|Descriptive Title of Proposal:||Multi-Service Approach to Manage Complex Funding Projects - The Strategic Project Management Group|
|Awarded||National prize - Administrative Efficiency|
|Person(s) Responsible for the Idea||
|Name of Institution||University of Ottawa|
|Office Address||University of Ottawa
1 Nicholas, Suite 303
Ottawa, Ontario K1N 7B7
|Telephone:||613-562-5800 ex. 3405|
|Name (Senior Administrative Office of the Institution)||Christian Beaulé|
|Title (Senior Administrative Office of the Institution)||Director, Strategic Project Management Group|
|Office Address||University of Ottawa
1 Nicholas, Suite 303
Ottawa, Ontario K1N 7B7
To manage complex research projects effectively, institutions must have adequate structures and functions as well as sufficient and appropriate resources. Institutions are also encouraged by funding agencies to adopt a risk-based approach for the management of their portfolio of projects.
Before 2010, the University of Ottawa (uOttawa) managed its Canada Foundation for Innovation (CFI) portfolio of complex projects in a classic “silo” approach where the research, financial, procurement and facilities services were working in relative isolation, resulting not only in poor communication between these services, but also between these services and researchers. This approach, combined with an increase in the university research intensity and with the launch of our Core Facilities program, resulted in pre- and post-award management challenges of these highly complex projects. The impact was also felt by researchers who received little support, were often confused on who to contact to get support and were regularly bounced around support services. All of these challenges led to delays in project implementation, delays in agency funding and, cost overruns, and poor client satisfaction.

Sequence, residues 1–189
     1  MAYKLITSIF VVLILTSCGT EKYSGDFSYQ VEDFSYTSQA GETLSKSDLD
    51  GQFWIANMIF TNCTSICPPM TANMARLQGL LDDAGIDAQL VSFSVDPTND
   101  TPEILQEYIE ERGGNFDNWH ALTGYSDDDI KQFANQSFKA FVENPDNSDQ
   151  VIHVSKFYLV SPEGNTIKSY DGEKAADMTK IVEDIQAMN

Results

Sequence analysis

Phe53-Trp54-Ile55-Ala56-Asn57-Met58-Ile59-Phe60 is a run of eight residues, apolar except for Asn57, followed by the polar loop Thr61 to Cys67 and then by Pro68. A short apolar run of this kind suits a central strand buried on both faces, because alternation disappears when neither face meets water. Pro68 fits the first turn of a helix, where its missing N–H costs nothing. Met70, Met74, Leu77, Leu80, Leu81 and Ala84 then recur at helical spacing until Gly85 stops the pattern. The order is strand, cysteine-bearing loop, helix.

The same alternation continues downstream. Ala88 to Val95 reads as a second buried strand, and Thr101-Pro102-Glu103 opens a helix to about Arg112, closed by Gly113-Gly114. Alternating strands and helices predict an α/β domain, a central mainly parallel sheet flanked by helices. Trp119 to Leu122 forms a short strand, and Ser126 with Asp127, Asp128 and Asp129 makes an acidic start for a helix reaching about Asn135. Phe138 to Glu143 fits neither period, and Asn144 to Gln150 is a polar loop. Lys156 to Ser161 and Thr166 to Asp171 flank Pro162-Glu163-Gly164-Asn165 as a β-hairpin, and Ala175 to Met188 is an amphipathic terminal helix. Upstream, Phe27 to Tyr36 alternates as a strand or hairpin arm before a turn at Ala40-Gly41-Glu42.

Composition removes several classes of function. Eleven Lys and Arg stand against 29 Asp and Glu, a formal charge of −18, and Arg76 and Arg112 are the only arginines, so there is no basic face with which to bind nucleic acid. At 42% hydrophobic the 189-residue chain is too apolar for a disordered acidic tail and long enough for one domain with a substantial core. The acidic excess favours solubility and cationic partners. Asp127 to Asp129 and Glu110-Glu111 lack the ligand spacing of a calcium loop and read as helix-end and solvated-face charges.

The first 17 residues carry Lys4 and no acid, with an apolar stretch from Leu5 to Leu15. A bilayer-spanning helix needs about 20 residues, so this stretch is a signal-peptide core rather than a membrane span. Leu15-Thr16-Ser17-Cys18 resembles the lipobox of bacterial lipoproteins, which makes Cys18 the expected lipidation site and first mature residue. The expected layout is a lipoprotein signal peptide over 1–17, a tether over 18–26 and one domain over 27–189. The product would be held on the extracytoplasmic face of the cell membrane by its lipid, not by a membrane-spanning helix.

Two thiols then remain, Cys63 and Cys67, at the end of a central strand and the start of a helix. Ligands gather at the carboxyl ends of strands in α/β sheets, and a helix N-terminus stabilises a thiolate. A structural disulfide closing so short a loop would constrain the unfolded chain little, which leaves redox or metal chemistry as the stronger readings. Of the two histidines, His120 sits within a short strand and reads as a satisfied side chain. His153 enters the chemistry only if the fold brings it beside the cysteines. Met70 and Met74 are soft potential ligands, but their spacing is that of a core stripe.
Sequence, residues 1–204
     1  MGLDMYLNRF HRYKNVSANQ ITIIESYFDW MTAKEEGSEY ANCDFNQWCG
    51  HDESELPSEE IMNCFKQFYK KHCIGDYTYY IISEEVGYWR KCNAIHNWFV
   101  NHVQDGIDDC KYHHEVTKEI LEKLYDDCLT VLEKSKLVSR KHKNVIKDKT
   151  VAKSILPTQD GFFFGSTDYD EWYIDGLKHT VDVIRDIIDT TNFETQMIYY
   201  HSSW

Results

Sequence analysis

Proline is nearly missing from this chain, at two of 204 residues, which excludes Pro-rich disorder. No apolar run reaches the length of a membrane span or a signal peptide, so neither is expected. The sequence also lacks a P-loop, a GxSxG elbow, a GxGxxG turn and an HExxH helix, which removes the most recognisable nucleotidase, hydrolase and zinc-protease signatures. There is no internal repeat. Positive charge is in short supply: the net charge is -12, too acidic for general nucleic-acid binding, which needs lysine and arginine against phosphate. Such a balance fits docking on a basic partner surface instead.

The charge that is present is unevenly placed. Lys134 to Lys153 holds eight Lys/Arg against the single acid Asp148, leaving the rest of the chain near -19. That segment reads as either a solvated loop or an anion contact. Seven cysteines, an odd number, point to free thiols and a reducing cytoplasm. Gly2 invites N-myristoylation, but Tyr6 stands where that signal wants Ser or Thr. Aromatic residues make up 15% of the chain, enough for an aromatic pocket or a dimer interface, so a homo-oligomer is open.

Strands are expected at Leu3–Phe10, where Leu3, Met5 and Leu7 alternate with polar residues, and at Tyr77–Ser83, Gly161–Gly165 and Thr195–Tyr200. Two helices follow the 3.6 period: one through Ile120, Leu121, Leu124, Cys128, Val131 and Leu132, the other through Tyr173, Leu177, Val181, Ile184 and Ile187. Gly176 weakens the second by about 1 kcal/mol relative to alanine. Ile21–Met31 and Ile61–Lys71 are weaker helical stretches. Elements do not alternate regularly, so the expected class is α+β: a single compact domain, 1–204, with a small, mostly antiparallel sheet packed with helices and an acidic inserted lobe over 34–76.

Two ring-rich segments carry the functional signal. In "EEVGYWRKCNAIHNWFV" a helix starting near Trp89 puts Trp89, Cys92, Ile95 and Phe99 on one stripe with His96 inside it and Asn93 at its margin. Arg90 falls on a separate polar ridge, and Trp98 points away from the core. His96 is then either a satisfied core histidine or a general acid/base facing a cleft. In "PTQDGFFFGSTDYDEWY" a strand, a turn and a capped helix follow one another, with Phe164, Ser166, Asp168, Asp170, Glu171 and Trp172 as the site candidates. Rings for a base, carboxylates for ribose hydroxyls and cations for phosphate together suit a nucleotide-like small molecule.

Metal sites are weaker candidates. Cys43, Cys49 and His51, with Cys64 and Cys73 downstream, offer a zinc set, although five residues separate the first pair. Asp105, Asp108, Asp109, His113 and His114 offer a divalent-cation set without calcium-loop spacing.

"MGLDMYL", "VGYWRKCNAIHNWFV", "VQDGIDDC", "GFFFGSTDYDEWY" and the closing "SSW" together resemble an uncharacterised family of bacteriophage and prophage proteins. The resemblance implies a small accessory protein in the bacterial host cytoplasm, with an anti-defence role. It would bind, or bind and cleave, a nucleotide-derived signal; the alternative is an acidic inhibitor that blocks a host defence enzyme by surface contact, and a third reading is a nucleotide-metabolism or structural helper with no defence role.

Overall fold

In answer to these challenges, the Associate Vice-President Research and Associate Vice-President Financial Resources created The Strategic Project Management Group (SPMG) to improve the management efficiency of complex research projects. This group comprises four key services: Strategic Development Initiatives Office (Research), Financial Resources, Procurement Services and Facilities. The steering committee of the SPMG includes the Associate Vice-Presidents Research, Financial Resources, and Facilities as well as the senior directors of the four key services.
This multidisciplinary team, led by the Strategic Development Initiatives, now offers full support to researchers, from project inception to its closure, and has led to significant improvement in project management. Implementation times have improved and the conformity with funding agency requirements has been strengthened. Collaboration, information sharing and awareness between services has led to constant improvement in funding agency reviews and to citing uOttawa as having some of the best practices in terms of capacity for managing complex infrastructure projects.
|Criteria||Please submit one paragraph describing how the proposal fulfills each of the evaluation criteria.|
The SPMG model is readily transferable since all research–intensive universities have the same key support services (research, finance, facilities and procurement). The first step requires upper management leadership in the creation of the multidisciplinary service unit. Once the group is in place, the establishment of a clear role and responsibility framework is essential to start collaborating and sharing the same vision for the management of the projects. Whereas the University of Ottawa engages the SPMG for its Canada Foundation for Innovation portfolio, any large-scale complex institutional project can benefit from this management structure. This model is particularly effective in a centralized environment where the management of the institutional funding envelopes is within the Office of the Vice-President, Research.
The primary outcome was the general improvement of the institution’s management capacity for CFI projects. One of the first outcome was an increase in the quality of support for researchers throughout the project life cycle on all aspects of the project (financial, purchasing, expense eligibility, funding agency guidelines, application support, etc.).
Combined with strong centralized leadership, pre-award strategic planning was put into effect to leverage CFI programs for the acquisition of large-scale research infrastructure and the establishment of a vibrant Core Facility program.